Sunday, May 28, 2017

The Bush-Obama-Trump Retrocolonial Complex

Donald Trump returns from his first overseas excursion as President to meet predictable choruses of praise and criticism from opposing precincts of the political spectrum. I would (predictably) join his critics in noting that much if not most of what he said and did during this trip was for the consumption of his base supporters here at home rather than in pursuit of genuine foreign policy. That being said, it is important to note that many of the problems revealed by Trump's tour began long before he took office, and show no sign of abating in either the near or long term.

Trump's speech to Arab and Muslim leaders in Riyadh is the most salient case in point. His repeated rhetorical exhortation to "Drive them out" (referring to violent jihadists such as ISIS, Al Qaeda, and Boko Haram) no doubt played very well to his voters back home ("You tell 'em, Donald!"), but it almost certainly was met with inward groans of exasperation by his audience. As Trump himself noted, the governments represented by the leaders that he was addressing are the most focused targets and cataclysmic victims of jihadi terror, and have been engaged in brutal efforts to "drive out" extremist groups since long before September 11, 2001. They allowed themselves to be lectured by Trump about the need to "drive out" terrorists in the hope that providing him with such favorable optics would win them concessions on issues like Israel, Syria, and Iran.

Trump's speech was trumpeted as an historic realignment of US-Arab relations by many conservative pundits, but it was basically a familiar turn in the neocolonial dance in which the US and the Gulf States have been engaged since the end of World War II. The leaders that Trump was addressing were compradorial elites employed in servicing the oil markets on which the US economy depends. Trump's deference to them on matters of human rights and trade gave them political capital to spend at home, at the same time that their polite reception of his superfluous call to "drive them out" provided him with a prestige moment for US television.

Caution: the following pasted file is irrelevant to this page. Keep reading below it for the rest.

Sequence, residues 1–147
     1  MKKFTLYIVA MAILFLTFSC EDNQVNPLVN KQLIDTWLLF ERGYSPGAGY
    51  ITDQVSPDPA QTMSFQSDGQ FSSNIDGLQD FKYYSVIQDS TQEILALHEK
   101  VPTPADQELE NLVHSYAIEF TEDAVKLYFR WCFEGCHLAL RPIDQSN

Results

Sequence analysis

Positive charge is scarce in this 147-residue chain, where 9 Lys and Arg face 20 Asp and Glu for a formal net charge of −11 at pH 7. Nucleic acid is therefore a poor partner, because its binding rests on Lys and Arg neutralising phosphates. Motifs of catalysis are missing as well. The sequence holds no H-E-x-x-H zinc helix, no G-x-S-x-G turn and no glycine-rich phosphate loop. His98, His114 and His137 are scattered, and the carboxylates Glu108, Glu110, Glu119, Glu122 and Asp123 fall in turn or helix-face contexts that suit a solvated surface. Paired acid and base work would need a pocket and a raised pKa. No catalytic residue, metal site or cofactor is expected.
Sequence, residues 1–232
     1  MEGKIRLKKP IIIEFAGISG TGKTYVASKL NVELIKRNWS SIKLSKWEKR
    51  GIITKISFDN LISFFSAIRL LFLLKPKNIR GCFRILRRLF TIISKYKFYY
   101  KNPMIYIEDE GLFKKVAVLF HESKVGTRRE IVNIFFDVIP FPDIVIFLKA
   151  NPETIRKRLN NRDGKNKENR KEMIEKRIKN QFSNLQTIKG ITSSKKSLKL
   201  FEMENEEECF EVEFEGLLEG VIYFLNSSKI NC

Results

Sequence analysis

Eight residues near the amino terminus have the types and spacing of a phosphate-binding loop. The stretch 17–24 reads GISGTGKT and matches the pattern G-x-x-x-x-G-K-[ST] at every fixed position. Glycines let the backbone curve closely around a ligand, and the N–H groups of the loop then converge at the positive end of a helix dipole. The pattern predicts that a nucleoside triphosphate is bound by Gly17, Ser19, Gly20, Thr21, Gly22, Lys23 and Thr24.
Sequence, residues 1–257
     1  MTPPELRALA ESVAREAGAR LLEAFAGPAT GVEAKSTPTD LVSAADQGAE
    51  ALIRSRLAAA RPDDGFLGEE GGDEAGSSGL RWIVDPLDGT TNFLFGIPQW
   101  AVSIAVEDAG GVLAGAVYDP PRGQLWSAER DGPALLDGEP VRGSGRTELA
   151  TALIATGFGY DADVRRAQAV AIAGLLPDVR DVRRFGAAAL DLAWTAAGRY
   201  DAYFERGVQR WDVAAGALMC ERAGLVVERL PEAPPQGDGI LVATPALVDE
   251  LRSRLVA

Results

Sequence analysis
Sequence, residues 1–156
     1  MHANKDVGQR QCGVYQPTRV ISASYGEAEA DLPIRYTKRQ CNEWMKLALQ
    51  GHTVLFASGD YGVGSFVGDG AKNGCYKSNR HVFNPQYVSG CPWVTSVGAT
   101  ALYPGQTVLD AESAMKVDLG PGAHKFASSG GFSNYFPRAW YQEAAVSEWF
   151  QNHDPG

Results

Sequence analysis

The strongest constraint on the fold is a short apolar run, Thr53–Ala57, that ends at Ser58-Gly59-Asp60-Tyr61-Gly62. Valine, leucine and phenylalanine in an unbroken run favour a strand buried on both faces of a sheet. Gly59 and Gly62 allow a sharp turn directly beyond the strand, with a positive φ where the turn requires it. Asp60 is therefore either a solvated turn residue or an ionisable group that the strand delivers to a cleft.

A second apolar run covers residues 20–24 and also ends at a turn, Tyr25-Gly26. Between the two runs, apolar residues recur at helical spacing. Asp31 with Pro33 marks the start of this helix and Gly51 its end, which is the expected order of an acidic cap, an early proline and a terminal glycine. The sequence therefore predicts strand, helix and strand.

This neocolonial codependence is more than half a century old and will not be remedied until the US and other industrialized economies break their addiction to fossil fuels. But a more acute problem was also manifest in Trump's ironic injunction to "drive them out". Even as he spoke (and as he himself acknowledged), Iraqi soldiers were engaged in desperate house-to-house fighting to dislodge ISIS from the city of Mosul, while other Kurdish and Arab fighters are similarly occupied in Syria and Libya. These struggles drag on interminably, not because of a lack of determination to "drive them out," but because of US reluctance to allow its allies in the Middle East and North Africa to possess and employ the material means necessary to that end. This is a new wrinkle that has emerged in the conduct of US foreign policy in the wake of 9/11: in our determination to retain old-style colonial control over forces in Iraq, Syria, and Libya (what I have called "retrocolonialism"), we have helped foster perpetual instability and turmoil in large parts of the Arab world and beyond.